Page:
United States District Court, S.D. New York
December 9, 2004.
In re: REZULIN PRODUCTS LIABILITY LITIGATION (MDL No. 1348). This Document Relates to: 03 Civ. 6389.
The opinion of the court was delivered by: LEWIS KAPLAN, District Judge
PRETRIAL ORDER NO. 337 (Abram Motion to Expunge Names)
A number of medical doctors initially sued in this action but
subsequently dropped from the case move for an order that their
names be "deemed expunged" from the record in this case. They
are at pains to make clear that they are not requesting the Court
to alter its records or seal the file. Rather, they say, what
they ask here "is simply an accommodation to the Doctor
Why would they seek such an accommodation? There is a practical
economic reason. The physicians contend that their malpractice
insurance carrier whose counsel defended them in this case and
made this application treats claims that are simply dismissed
as formal claims for underwriting purposes while it does not so
treat claims that have been "deemed expunged." The result is that
a doctor who has been sued but had the claim dismissed and the
claim "deemed expunged" pays lower insurance premiums to this
carrier than a doctor who has been sued and had the claim
dismissed but has not obtained pronouncement of the "deemed
The Court is entirely sympathetic to the movants' plight. The
carrier's premise is that the incantation of the words "deemed
expunged" makes a physician who has been sued and obtained
dismissal of the suit a better risk than another physician who
also has been sued and obtained dismissal, but who has not
obtained the inclusion of those words in the order of dismissal.
It is difficult to find words to describe the utter absurdity
of the carrier's practice, if indeed it has been described
accurately. Why it should regard the inclusion of the words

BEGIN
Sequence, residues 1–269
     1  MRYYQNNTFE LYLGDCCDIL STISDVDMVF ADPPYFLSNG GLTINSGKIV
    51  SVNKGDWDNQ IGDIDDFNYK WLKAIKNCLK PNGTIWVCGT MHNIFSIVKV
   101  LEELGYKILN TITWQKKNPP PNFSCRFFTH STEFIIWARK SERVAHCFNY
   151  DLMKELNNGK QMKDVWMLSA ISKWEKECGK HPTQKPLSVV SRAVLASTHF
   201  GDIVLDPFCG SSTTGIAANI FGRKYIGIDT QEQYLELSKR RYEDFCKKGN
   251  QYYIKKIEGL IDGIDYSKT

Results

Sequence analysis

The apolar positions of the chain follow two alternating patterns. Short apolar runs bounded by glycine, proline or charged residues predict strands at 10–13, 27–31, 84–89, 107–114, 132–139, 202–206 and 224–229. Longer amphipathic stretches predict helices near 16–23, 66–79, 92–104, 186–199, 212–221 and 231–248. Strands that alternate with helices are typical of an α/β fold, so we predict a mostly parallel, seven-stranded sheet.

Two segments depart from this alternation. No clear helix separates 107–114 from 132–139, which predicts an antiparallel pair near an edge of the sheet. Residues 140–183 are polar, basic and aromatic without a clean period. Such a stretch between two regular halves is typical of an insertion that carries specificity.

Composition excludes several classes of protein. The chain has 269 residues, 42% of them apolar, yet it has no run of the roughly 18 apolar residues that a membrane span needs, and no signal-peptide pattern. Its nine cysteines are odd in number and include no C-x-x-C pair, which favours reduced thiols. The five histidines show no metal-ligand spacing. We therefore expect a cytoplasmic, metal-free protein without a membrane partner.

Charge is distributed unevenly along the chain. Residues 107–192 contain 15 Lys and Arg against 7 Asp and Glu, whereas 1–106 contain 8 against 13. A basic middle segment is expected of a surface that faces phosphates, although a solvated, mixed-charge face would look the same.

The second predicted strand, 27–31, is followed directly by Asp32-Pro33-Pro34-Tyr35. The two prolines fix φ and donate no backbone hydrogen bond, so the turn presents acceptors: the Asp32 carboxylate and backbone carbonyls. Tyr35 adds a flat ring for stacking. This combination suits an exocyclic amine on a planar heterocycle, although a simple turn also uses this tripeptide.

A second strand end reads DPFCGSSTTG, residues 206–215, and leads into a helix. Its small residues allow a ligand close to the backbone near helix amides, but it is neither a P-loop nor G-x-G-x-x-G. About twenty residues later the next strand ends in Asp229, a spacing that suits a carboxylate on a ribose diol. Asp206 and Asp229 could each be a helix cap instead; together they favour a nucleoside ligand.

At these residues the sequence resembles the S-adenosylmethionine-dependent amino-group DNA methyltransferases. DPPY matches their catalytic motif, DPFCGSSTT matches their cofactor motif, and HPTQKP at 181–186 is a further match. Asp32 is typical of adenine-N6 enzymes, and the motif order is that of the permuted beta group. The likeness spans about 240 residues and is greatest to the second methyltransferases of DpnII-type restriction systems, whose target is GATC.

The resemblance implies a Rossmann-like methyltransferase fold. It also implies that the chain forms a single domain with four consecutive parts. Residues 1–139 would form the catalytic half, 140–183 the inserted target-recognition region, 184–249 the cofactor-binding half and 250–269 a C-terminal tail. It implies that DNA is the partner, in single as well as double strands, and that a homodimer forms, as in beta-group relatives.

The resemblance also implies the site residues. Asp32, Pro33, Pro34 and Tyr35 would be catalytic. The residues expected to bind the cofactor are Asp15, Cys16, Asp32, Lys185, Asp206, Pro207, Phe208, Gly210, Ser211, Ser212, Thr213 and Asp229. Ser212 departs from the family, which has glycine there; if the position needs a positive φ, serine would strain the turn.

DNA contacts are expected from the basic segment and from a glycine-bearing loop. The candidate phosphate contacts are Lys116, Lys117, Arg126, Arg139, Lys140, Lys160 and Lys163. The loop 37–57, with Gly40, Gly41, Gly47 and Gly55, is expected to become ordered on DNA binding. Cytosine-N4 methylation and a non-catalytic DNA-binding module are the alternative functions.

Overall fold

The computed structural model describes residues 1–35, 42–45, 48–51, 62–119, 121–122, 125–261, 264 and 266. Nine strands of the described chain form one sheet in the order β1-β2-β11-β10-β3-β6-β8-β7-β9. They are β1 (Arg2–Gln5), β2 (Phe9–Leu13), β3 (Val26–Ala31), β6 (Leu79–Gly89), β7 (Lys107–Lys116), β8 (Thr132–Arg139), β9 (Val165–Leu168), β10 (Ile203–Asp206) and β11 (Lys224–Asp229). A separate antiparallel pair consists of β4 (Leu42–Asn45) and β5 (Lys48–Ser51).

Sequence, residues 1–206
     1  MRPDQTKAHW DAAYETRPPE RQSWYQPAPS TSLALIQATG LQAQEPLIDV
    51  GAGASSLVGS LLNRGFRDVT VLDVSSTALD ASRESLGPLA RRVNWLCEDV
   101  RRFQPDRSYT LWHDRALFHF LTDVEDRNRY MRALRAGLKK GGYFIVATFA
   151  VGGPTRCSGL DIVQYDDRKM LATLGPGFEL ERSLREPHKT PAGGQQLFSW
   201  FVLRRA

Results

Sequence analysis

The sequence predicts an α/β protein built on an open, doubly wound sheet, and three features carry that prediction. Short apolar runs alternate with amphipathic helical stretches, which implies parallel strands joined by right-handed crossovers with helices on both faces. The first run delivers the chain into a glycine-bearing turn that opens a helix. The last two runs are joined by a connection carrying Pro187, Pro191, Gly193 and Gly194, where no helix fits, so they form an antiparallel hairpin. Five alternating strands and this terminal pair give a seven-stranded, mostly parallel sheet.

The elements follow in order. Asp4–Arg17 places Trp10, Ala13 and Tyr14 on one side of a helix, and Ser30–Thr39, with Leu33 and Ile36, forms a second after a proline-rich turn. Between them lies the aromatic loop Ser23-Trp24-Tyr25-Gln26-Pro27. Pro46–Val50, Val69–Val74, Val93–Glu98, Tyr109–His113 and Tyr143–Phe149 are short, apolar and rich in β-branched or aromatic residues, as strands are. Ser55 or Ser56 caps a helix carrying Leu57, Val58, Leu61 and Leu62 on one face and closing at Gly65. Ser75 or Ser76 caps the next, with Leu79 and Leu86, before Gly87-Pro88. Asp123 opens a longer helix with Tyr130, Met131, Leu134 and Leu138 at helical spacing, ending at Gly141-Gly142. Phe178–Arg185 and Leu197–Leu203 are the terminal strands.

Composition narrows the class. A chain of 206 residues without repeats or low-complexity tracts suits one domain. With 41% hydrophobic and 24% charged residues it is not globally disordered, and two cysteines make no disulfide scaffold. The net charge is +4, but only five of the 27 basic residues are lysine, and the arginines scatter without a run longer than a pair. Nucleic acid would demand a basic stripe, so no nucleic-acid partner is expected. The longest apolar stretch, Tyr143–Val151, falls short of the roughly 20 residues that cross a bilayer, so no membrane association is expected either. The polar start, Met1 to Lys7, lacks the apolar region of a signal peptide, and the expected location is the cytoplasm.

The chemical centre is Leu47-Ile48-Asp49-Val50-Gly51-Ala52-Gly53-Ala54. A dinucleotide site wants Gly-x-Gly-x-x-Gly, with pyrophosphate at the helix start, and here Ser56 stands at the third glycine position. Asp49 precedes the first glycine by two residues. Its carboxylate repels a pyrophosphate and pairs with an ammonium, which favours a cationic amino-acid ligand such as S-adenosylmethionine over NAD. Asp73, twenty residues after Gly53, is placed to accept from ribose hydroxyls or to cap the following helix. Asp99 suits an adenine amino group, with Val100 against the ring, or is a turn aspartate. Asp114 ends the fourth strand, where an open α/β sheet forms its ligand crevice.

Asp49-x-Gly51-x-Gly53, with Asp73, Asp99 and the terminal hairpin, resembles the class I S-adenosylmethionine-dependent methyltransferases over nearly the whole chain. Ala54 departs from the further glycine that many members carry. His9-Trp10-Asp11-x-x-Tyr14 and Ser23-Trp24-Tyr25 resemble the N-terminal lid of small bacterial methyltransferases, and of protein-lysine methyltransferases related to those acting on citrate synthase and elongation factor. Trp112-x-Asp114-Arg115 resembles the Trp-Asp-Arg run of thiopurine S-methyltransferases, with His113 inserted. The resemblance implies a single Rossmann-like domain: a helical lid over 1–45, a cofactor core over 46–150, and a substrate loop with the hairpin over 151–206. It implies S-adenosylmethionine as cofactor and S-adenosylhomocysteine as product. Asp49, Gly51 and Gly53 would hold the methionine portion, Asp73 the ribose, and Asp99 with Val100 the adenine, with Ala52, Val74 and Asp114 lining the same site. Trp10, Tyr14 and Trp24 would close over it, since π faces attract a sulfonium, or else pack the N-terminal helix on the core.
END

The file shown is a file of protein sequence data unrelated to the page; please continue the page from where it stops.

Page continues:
"deemed expunged" in an order of dismissal as somehow material to
the risk of insuring a doctor in circumstances where the words
are added as an "accommodation" and not in consequence of a
determination that the suit lacked any justification in the first
place is beyond the Court's power to comprehend. But that is
neither here nor there.
The substance of what movants ask is that this Court make an
underwriting decision for movants and their insurance carrier. It
is being asked to give the carrier reason, however illogical, to
charge these doctors lower premiums without actually considering
how the nature and circumstances of these claims should affect
the premiums it charges. Federal courts are courts of limited jurisdiction. Their powers
are cabined by, among other things, the requirement that a case
or controversy exist. U.S. Const., Art. III. The power does not
extend to the issuance of advisory opinions, which the Court
supposes, is the closest analogy to what the movants seek. It
does not extend to the issuance of orders as accommodations to
litigants in circumstances in which the orders have nothing
whatever to do with the adjudication of the case. It certainly
does not extend to acting as a branch of the underwriting
department of movants' malpractice carrier.
Movants rely principally upon United States v. Howard,
275 F.Supp.2d 260 (N.D.N.Y. 2003). But that case is not helpful to
Howard dealt with an application to expunge records relating
to an arrest. Judge Hurd recognized that courts have equitable
powers to expunge arrest records in appropriate circumstances.
Id. at 263. He went on to conclude, however, that even a
showing that the arrest record made it difficult to find
employment would not outweigh the government's interest in
retaining and preserving the records. In the absence of any
evidence that the arrest was illegal or unconstitutional, the
court denied the application.
The principal point to note about Howard is that there was a
case or controversy. The movant wanted the records expunged. The
government resisted. Here, in contrast, there is no case or
controversy. Indeed, the movants already have been dismissed from
the case. Neither the plaintiffs nor the remaining defendants
care a whit about this application. The application therefore is
beyond the judicial power conferred on the Court by Article III.
That is not to say that the physicians are entirely without
One possibility lies with the insurance carrier. Perhaps if the
matter were explained to the carrier, particularly by counsel for
the physicians who were not beholden to the carrier, the carrier
would alter this apparently senseless policy. Even if it did not,
remedies might exist under state laws governing insurance and
unfair trade practices.
Perhaps there are other possibilities. But the answer does not
lie with this Court.
Motion [00 Civ. 2843, docket item 2405] denied.
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